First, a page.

We humans are always looking to develop, to improve, to innovate. Perhaps it’s in our genes. After all, Darwinian survival of the fittest instincts have left us with the never-ending feeling of dissatisfaction. So, as a species we can’t be really be blamed for always pushing ourselves to do better.
Innovation is all about changing things for the better. Improving a system, creating a new product, or altering a mindset. It’s about making electric cars the future of travel. It’s about allowing the masses to experience life in outer space. It’s even about reinventing classic dishes like fish and chips.
As a society we are obsessed with the latest trend, the most cutting-edge technology, the newest way of thinking
As a society we are obsessed with the latest trend, the most cutting-edge technology, the newest way of thinking. The buzz and hype surrounding every release of the next iPhone sees avid fans queuing up for hours outside apple stores to be the first to get their hands on these innovative pieces of tech. But surely there comes a point when innovating for the sake of innovating means we are in fact no longer innovating? I mean how many incremental changes can apple really make; do we really need our phones to last 48 hours between charges?
So, at a time when we as a human race have perhaps begun to lose sight of what is really important in life, in rolls COVID-19. This devastating virus has virtually affected and stopped most of the world, forcing us to retreat into our homes while being confined to a strict 2m distance from other fellow humans if we venture out. The press has dutifully reported on its negative effects, but I’d like to offer a more positive outlook.
Setting the direction is the key to producing relevant innovation
Life as we knew it before has come to a slight pause and for those not in the heroic essential services it gives us a buffer. It’s a time we should use wisely to think about what we value most in life. Innovation is only innovative if it’s a change we’re making that moves us in the direction we’re aiming for. Otherwise it’s just change. Setting the direction is the key to producing relevant innovation. So, we shouldn’t see corona as stopping or even hindering innovation. We should view it as preventing unnecessary innovation from continuing and taking place. This time enables us to think, as a collective, about how we would like to innovate in the future and the real reasons behind our innovations.
We’ve seen such a strong sense of unity over the past few months and businesses coming together to help tackle this pandemic. Mercedes with the help of UCL, for example, swapped manufacturing car parts to producing CPAP devices to relieve demand on limited ventilators. Whilst many fashion brands like, Louis Vuitton’s parent company, LVMH, have switched to producing hand sanitisers. Looking forwards, could these collaborative forms of business practice become commonplace?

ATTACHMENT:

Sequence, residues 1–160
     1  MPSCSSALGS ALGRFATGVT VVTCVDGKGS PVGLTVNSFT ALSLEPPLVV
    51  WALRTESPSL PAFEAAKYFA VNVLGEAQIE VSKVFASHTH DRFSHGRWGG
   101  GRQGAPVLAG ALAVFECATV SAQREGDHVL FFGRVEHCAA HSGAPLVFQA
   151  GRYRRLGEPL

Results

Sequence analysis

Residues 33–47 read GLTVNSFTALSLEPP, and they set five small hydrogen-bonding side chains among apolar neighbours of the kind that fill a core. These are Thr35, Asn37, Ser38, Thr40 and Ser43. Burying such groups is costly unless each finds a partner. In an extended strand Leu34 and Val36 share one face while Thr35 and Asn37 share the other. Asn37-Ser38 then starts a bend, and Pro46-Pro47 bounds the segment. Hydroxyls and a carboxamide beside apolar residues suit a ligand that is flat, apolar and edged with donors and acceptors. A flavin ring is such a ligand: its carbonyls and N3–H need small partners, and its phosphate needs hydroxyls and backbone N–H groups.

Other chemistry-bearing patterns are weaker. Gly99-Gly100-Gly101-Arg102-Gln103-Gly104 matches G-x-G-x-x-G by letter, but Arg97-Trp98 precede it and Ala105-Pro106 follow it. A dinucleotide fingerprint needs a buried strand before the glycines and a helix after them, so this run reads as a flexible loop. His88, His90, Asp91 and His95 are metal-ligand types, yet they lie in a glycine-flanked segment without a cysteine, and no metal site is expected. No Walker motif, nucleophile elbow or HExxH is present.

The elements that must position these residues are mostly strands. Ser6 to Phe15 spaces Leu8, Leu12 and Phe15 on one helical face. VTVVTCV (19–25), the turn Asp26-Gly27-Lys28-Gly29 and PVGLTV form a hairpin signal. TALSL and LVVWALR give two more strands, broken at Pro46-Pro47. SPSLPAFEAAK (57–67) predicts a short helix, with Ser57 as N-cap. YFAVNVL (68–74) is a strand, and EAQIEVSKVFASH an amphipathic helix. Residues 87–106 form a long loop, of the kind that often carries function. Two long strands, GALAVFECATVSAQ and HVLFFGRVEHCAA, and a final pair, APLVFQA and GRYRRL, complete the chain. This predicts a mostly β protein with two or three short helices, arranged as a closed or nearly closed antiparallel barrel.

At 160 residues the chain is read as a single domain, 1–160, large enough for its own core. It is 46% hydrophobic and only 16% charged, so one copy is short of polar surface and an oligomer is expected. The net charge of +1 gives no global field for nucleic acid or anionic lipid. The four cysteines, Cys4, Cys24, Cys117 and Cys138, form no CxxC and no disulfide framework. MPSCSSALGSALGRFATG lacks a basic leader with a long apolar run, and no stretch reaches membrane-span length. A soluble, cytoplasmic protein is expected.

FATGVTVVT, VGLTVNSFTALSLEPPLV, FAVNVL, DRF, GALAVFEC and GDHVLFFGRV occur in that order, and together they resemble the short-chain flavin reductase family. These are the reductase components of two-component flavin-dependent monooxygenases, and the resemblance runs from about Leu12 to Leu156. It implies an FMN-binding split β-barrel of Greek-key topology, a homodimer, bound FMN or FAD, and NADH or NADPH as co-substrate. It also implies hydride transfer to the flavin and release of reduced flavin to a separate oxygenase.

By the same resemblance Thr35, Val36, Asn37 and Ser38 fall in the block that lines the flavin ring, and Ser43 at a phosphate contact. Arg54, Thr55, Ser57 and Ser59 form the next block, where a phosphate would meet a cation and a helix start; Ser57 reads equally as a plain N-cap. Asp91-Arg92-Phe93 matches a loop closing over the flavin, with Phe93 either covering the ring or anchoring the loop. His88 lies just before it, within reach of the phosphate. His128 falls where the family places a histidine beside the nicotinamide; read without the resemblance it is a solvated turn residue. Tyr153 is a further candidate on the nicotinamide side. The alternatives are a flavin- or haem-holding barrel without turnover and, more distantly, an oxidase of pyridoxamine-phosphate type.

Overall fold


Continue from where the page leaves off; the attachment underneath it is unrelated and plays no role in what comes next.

Would these developments have happened without it? Who knows, but they could prove beneficial to all of us in the long-run.
As corona forced many Universities like ours to switch to online teaching, we’ve seen technology systems become more advanced in order to cope with this. Similarly, the Government and the media, alongside other businesses, have swiftly moved to using more virtual means of communication. The NHS has also had to reorganise their outdated internal structures and technology systems to deal more efficiently with the effects of the virus. These are all forms of innovation that COVID-19 has caused us to adopt. Would these developments have happened without it? Who knows, but they could prove beneficial to all of us in the long run.
Speaking to my parents about working from home and comparing their views with mine, I would say all of us miss interacting with our friends and colleagues. But we have also learnt to appreciate the slow pace of our lockdown lives: making bread, planting seeds or taking a week to finish a 2-hour lecture.
Our previous fast-paced lives meant we took so many of these simple things for granted. Caught up in work, deadlines and life we forgot to appreciate the people around us and natural world we live in. So, perhaps once this is all over, we will innovate to ensure these treasured aspects of our existence have an integral place in our lives. Whether it’s having a Come Dine With Me-esque competition with your mates or whether it’s companies enforcing a mandatory hour a week for company board games – I mean what’s a better way to clear your head than by watching your 6ft 2, slightly plump boss playing a round of twister?
It is down to all of us to envisage the world we want to live in
I can write this because I’m in a very fortunate position being largely unaffected by the virus apart from the lockdown restrictions. Many of us, as students, are not in the vulnerable category and as the generation who will be most affected by the events of these past few months, we must take responsibility for the future. It is down to all of us to envisage the world we want to live in; the direction in which innovation can then follow. We’re at a turning point and we have a choice to make: to return to how we lived before, where we took for granted the resources and people surrounding us. Or to hold on to these core values lockdown has allowed us to rediscover and lead our lives with these at the centre.
Wow that turned into a very deep and heavy little article. So take a look at my sketches for some innovative ways (debatable) to use all those toilet rolls you have piled up somewhere…..
Featured image courtesy of Robert Occhialini via Flickr. No changes made to this image. Image license found here.
In-article image courtesy of Natasha Phang-Lee. No changes were made to this image.
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